Paracervical local anaesthesia for cervical dilatation and uterine intervention

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Cervical dilatation and uterine intervention can be performed under sedation, local or general anaesthesia for obstetrics and gynaecological conditions. Many gynaecologists use paracervical local anaesthesia but its effectiveness is unclear. This review was originally published in 2009 and was updated in 2013.


The objectives of this review were to determine the effectiveness and safety of paracervical local anaesthesia for cervical dilatation and uterine intervention, versus no treatment, placebo, other methods of regional anaesthesia, sedation and systemic analgesia, and general anaesthesia.

Search methods

We reran our search to August 2013. We searched the Cochrane Central Register of Controlled Trials (CENTRAL) (The Cochrane Library 2013, Issue 8), MEDLINE (1966 to August 2013), EMBASE (1980 to August 2013), and reference lists of articles. The original search was performed in January 2006.

Selection criteria

We included randomized or controlled clinical studies involving women who underwent cervical dilatation and uterine intervention for obstetrics and gynaecological conditions. We included studies which compared paracervical anaesthesia with no treatment, placebo, other methods of regional anaesthesia, systemic sedation and analgesia, or general anaesthesia.

Data collection and analysis

Two authors independently evaluated the studies, extracted data, and checked and entered data into Review Manager.

Main results

This updated review includes nine new studies, in total 26 studies with 28 comparisons and involving 2790 participants. No study of local paracervical versus general anaesthesia met our criteria. Ten studies compared local anaesthetic versus placebo. Paracervical local anaesthetic (PLA) reduced pain on cervical dilatation with a standardized mean difference (SMD) of 0.37 (95% CI 0.17 to 0.58) and a relative risk (RR) of severe pain of 0.16 (95% CI 0.06 to 0.74). PLA also reduced abdominal pain during, but not after, uterine intervention (SMD 0.74, 95% CI 0.28 to 1.19); there was no evidence of any effect on postoperative back or shoulder pain. Comparisons against no treatment did not demonstrate any effect of PLA. Five studies compared paracervical block with uterosacral block, intracervical block, or intrauterine topical anaesthesia. Two of these studies showed no significant difference in pain during the procedure. Compared to intrauterine instillation, PLA slightly reduced severe pain (from 8.3 to 7.6 on a 10-point scale), which may be negligible. Six studies compared PLA with sedation. There were no statistically significant differences in pain during or after the procedure, postoperative analgesia requirement, adverse effects, patient satisfaction, and the operator's perception of analgesia. We performed risk of bias assessment using six domains and found that more than half of the included studies had low risk of bias.

Authors' conclusions

We found that no technique provided reliable pain control in the 26 included studies. Some studies reported that women experienced severe pain (mean scores of 7 to 9 out of 10) during uterine intervention, irrespective of the analgesic technique used. We concluded that the available evidence fails to show whether paracervical block is inferior, equivalent, or superior to alternative analgesic techniques in terms of efficacy and safety for women undergoing cervical dilatation and uterine interventions. We suggest that woman are likely to consider the rates and severity of pain during uterine interventions when performed awake to be unacceptable in the absence of neuraxial blockade, which are unaltered by paracervical block.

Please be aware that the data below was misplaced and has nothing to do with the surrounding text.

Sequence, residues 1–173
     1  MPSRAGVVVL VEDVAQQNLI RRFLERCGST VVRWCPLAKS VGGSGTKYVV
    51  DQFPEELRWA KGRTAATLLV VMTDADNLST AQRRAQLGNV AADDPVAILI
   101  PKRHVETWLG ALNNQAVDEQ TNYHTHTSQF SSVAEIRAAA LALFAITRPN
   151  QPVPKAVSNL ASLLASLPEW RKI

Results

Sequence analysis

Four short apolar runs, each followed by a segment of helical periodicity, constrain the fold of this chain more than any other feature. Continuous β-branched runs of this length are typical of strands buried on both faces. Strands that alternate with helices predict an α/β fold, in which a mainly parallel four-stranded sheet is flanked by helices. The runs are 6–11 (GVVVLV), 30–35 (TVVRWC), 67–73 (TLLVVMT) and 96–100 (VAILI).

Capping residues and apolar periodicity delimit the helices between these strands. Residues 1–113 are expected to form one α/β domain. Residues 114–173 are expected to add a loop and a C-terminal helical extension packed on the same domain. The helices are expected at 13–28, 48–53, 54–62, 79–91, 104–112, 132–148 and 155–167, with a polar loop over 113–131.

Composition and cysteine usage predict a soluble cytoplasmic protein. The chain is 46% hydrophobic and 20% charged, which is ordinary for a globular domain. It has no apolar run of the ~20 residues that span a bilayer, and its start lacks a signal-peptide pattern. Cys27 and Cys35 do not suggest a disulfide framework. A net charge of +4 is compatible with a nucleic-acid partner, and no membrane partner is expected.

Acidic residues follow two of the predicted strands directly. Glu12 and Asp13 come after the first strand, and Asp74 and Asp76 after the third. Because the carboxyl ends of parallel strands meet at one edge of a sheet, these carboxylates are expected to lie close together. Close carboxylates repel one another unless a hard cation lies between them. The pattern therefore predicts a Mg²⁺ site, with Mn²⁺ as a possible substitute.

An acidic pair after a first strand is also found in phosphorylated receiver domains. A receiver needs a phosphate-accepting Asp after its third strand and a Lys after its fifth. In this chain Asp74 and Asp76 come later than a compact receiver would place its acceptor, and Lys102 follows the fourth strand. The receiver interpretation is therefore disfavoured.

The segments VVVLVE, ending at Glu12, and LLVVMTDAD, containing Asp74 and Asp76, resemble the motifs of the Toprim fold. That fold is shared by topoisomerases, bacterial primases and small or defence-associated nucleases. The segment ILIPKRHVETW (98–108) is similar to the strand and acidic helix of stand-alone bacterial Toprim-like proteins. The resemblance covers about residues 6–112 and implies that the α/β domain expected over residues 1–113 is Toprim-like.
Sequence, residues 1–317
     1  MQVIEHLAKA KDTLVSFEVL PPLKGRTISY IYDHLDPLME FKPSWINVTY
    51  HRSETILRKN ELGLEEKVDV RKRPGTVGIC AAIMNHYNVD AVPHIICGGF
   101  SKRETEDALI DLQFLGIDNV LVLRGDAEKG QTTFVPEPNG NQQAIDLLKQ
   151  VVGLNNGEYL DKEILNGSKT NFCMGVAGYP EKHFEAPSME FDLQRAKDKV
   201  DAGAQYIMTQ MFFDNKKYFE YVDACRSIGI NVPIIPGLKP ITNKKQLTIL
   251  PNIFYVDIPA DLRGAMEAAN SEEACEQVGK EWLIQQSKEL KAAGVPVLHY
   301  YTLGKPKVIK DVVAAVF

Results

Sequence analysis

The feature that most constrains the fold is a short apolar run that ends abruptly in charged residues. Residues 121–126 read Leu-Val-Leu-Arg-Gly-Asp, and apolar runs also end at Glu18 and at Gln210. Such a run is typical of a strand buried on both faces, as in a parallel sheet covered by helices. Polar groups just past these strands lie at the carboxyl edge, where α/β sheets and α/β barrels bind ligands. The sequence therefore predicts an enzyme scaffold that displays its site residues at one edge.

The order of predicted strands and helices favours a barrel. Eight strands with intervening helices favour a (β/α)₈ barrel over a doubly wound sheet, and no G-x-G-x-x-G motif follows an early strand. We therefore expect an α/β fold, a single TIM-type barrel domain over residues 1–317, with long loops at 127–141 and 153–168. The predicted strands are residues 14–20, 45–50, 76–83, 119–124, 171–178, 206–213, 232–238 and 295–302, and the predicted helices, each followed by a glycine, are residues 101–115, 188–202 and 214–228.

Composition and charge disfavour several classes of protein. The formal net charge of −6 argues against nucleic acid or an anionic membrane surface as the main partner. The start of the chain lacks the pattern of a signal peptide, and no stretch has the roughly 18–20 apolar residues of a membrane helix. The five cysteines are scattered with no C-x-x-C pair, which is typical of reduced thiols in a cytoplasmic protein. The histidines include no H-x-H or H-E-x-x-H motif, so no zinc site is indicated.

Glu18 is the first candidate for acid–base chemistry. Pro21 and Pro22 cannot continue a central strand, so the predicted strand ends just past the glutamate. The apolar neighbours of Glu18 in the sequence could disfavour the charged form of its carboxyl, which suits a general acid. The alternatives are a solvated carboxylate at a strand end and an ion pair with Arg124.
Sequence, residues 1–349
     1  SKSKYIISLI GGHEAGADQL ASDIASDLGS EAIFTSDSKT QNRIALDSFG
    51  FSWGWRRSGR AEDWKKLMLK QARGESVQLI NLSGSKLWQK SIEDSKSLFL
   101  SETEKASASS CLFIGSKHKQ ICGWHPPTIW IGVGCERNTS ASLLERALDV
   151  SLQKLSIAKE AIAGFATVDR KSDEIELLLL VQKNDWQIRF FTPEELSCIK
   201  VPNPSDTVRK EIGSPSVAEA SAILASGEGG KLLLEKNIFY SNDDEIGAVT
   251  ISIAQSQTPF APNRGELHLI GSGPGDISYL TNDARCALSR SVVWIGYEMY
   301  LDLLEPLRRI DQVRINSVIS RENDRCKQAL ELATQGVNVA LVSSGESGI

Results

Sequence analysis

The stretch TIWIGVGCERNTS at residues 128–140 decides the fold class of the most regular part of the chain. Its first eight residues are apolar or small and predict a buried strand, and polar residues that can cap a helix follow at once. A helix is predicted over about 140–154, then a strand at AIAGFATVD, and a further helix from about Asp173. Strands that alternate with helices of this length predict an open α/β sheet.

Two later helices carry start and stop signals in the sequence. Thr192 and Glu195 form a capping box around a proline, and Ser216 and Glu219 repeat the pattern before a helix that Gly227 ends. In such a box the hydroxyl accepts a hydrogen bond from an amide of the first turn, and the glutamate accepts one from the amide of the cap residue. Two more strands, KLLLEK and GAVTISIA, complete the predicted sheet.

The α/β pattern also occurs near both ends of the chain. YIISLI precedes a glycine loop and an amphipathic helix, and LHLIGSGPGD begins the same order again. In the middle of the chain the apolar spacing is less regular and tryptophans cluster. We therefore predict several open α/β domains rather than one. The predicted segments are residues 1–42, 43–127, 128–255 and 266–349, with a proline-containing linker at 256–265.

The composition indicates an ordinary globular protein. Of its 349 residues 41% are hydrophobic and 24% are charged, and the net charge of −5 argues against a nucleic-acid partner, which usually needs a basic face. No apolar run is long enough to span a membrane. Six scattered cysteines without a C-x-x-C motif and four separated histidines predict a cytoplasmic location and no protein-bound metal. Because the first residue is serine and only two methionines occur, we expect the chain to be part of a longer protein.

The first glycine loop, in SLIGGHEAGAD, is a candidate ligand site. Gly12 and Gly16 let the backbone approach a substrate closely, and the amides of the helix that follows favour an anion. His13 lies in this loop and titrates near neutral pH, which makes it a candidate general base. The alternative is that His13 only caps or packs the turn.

Plain language summary

Paracervical local anaesthesia for cervical dilatation and uterine interventions

Paracervical block involves injection of local anaesthetic around the cervix to numb nearby nerves. Cervical dilatation and uterine interventions (such as hysteroscopy, endometrial biopsies, fractional curettage, and suction terminations) can be performed without any analgesia or anaesthesia; with regional anaesthetic injections as with paracervical block; using oral or intravenous analgesics and sedatives; or under general anaesthesia. Many gynaecologists use paracervical block for uterine intervention but it is unclear how effective and safe this method is. We included nine new studies in this updated review with a total of 26 studies involving 2790 women undergoing uterine interventions. The women were randomly allocated to paracervical block or an alternative. We found that, statistically, women had significantly less pain during cervical dilatation and uterine intervention with paracervical block than with placebo injection (saline or water) but clinically this difference may be unimportant. Paracervical block had no effect in five uncontrolled studies. There was no evidence that paracervical block reduced pain compared to alternative regional anaesthetic methods or systemic analgesics and sedatives. There was little information on important side effects. After updating, this review found that no local anaesthetic technique prevented pain as well as one would expect from general anaesthesia.